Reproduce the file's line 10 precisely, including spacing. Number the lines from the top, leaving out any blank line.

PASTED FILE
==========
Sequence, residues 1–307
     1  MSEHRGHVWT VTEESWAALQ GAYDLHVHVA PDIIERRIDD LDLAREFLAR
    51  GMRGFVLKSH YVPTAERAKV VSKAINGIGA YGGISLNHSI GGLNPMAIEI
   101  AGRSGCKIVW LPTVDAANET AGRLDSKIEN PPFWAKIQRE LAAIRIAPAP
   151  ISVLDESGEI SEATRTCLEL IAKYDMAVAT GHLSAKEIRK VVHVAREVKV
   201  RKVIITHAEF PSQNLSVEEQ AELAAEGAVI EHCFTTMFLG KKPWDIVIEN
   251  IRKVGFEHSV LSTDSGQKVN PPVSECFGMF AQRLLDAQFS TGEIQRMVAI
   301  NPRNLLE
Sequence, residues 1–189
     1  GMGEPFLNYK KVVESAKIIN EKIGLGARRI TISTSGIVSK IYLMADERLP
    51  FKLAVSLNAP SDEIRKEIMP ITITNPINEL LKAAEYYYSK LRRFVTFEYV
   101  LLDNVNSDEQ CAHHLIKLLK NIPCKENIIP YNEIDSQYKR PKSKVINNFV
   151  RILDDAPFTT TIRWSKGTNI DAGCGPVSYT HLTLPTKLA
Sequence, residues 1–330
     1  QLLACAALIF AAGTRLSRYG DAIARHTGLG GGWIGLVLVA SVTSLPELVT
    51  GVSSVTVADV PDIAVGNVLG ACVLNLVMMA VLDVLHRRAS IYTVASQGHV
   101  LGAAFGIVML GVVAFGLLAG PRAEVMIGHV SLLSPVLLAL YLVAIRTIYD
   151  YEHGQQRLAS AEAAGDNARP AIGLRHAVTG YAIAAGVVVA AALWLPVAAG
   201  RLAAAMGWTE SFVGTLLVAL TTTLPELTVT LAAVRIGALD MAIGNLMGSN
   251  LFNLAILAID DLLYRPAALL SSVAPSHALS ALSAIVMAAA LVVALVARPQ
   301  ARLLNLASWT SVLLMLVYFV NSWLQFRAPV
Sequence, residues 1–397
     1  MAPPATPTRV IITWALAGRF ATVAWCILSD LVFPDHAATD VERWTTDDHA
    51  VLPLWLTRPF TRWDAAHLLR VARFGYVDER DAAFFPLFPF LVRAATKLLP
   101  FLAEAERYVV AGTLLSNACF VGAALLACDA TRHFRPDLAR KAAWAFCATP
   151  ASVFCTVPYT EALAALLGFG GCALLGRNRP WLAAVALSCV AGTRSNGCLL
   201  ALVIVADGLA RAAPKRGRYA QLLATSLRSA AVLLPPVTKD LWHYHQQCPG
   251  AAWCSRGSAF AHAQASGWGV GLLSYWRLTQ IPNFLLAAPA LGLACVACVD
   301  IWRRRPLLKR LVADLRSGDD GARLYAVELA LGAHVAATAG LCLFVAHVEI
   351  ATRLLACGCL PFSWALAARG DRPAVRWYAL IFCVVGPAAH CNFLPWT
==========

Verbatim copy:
     1  GMGEPFLNYK KVVESAKIIN EKIGLGARRI TISTSGIVSK IYLMADERLP